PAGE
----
papresco at technologist.com
Thu Sep 17 04:24:55 BST 1998
On 16 Sep 1998 matt at veosystems.com wrote:
> > I don't think that there is anything in the word "inheritance" that
> > implies an is-a relationship, though I agree that sometimes it is used
> > that way.
> "Sometimes" meaning rarely, or "sometimes" meaning almost always, but
> I'm not ready to concede the point? (I, too, can split hairs! ;-)
"Sometimes" meaning "usually, even though it obfuscates, like using 'tag'
to mean element type, GI, attribute and tag'." Another way to express the
difference is "type inheritance" vs. "implementation inheritance".
I don't like that terminology, because it perpetuates the idea that they
are the same thing.
> Inheritance and subclassing are both about substitutability.
How is C++ private inheritance (for example) about substitutability.
> I think
> it would be fair to say that inheritance has _almost always_ been
> associated with wholesale borrowing of the structure of the thing
> being inherited from, either through copy or reference (through
I agree. Borrowing of structure, not necessarily interface.
> The exceptions, like C++'s private inheritance, are at
> the margins. In what language that you are aware of does inheritance
> or subclassing not imply substitutability?
Well, you mentioned C++, but another is Sather. Dynamically typed OO
languages usually allow the distinction also. In Python, Smalltalk,
etc., interfaces are described implicitly. In Python, at least, you can
inherit and yet violate the interface of your superclass by deleting
Here's info on Sather:
"Separate Implementation and Type Inheritance
In most object-oriented languages inheritance both defines the subtype
relation and causes the descendant to use an implementation provided by
the ancestor. These are quite different notions and confounding them
often causes semantic problems. For example, one reason why Eiffel's type
system is not statically checkable is that it mandates "covariant"
conformance for routine argument types (Meyer, 1992). This means that a
routine in a descendant must have argument types which are subtypes of
the corresponding argument types in the ancestor. Because of this choice,
the compiler cannot ensure argument expressions conform to the argument
type of the called routine at compile time. In Sather, inheritance from
abstract classes defines subtyping while inheritance from other classes
is used solely for implementation inheritance. This allows Sather to use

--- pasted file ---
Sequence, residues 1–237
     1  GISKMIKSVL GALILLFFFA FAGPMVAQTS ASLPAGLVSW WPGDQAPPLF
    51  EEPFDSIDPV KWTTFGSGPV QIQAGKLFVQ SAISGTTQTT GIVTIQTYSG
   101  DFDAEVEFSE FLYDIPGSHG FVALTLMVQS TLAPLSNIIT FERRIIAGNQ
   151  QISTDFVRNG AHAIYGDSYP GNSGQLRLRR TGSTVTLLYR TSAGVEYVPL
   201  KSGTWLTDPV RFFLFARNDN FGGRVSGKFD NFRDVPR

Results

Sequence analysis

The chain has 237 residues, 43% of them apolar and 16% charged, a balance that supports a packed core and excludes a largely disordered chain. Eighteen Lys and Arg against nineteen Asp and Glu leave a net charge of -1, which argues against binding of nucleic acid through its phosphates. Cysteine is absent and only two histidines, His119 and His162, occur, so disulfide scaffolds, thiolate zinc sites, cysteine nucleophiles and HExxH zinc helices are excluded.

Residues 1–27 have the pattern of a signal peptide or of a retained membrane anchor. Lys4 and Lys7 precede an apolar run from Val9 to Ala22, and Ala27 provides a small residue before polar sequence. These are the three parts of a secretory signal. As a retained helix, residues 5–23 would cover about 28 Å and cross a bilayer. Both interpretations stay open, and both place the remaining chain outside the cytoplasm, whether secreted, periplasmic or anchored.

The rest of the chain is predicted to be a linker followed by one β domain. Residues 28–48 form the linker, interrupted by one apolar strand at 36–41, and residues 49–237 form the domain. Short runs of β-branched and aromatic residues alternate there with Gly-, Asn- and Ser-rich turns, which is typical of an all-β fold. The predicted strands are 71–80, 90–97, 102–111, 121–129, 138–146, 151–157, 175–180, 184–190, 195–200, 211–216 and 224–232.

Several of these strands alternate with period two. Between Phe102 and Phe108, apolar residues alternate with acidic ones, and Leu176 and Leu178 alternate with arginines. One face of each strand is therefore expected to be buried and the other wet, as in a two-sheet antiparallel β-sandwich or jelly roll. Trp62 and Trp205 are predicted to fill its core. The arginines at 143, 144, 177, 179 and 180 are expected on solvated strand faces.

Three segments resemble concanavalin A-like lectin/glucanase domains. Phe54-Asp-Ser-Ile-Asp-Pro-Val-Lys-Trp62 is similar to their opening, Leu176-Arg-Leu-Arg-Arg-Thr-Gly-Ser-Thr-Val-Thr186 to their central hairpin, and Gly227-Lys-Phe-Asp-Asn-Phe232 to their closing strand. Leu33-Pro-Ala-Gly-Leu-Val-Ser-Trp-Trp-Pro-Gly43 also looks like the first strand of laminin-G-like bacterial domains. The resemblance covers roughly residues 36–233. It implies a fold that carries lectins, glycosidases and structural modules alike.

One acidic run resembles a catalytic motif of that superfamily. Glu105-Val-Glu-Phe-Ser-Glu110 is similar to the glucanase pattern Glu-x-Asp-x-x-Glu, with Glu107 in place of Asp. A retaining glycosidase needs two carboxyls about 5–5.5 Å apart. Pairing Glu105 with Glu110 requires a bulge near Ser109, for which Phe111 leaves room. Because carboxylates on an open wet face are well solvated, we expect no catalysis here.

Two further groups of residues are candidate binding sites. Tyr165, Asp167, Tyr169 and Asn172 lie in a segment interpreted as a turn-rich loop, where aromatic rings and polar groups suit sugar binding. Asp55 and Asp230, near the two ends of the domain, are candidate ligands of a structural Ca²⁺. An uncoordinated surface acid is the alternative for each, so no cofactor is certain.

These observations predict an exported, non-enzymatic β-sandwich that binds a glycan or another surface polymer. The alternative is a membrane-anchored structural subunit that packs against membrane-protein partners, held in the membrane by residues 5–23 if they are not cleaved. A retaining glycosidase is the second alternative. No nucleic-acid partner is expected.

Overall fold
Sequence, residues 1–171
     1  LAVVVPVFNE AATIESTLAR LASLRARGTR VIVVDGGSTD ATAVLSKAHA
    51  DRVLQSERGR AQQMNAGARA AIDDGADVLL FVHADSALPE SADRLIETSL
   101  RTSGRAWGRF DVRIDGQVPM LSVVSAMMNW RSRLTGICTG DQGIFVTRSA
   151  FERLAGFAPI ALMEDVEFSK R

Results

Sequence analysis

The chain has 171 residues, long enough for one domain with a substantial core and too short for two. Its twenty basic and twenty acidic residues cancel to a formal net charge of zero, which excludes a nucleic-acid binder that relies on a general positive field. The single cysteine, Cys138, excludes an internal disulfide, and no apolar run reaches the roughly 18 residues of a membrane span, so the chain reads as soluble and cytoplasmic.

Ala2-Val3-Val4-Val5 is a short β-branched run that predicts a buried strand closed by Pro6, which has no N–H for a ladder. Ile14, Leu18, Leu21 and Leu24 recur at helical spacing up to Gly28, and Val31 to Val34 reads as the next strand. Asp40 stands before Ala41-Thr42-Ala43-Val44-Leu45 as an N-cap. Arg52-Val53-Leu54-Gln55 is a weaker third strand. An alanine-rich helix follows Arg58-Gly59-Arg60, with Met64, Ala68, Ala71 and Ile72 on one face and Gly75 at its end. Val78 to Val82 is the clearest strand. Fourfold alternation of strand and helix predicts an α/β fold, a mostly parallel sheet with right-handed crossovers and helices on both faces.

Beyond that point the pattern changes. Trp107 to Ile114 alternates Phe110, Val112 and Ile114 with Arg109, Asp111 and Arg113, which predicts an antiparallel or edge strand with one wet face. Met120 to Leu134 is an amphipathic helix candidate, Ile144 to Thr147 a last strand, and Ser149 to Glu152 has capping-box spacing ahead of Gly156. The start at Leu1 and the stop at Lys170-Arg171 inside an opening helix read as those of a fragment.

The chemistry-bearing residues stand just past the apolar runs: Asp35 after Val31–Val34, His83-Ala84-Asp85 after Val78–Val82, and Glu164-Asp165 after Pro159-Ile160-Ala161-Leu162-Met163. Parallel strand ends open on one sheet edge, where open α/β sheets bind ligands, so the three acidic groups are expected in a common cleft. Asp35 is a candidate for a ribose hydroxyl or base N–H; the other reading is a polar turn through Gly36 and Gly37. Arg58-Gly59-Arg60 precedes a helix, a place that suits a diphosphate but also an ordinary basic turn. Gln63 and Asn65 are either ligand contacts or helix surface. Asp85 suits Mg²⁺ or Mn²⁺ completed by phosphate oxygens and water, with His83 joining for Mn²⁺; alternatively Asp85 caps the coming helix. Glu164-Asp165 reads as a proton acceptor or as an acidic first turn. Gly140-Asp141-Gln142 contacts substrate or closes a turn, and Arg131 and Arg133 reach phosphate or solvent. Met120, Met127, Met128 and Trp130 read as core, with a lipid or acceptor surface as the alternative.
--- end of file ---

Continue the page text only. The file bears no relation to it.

the statically type-safe contravariant rule for routine argument
> > XML element types have three interesting properties: content models,
> > attributes and GIs. So to me, "inheritance" between element types would be
> > about borrowing some or all of another element types content model,
> > attributes or GIs.
> If you only borrow some, you lose substitutability.
That isn't true. For instance, you can clearly supply your own content
model without disturbing substitutability, as long as it is a compatible
content model. The model can describe a sub-language, or it can describe
a superclass language that can be converted into some sublanguage.
>If you want to
> borrow without substitution, just use pe's. You haven't gained
> anything semantically interesting.
Structured, portable, explicit code (declaration) reuse is not
interesting? I strongly agree that "implementation" inheritance is not as
interesting as type inheritance in markup languages. But I think that
clearly "expressing intent" with respect to content model reuse is also
Note that I think that this "implementation inheritance" is
what most people mean when they say that XML "really needs inheritance."
It is a demonstration of your clear understanding of the issues that you
recognize that there is a much bigger picture than declaration reuse.
If you, or anyone else, proposes a schema language with subtyping but
not inheritance, I would probably support it if it was done right. If
someone proposed the opposite, however, I would argue that it is not much
of an improvement.
> > Subclassing, on the other hand, would be about having an element of one
> > type "play the part of" an element of another type, such as a
> > cross-reference "playing" an XLink.
> Inheritance means playing the part of the element you are inheriting
> from (with a nod towards awkward exceptions at the margin).
Type inheritance, yes. Inheritance "in general", no. The word inheritance
is vague and any property of one type could be inherited by another if a
language allows it. There is no reason that all of the various types of
inheritance should be tied together just because that is often (but not
always) useful. It costs nothing to separate them, and buys power and
expressiveness: the ability to specify intent.
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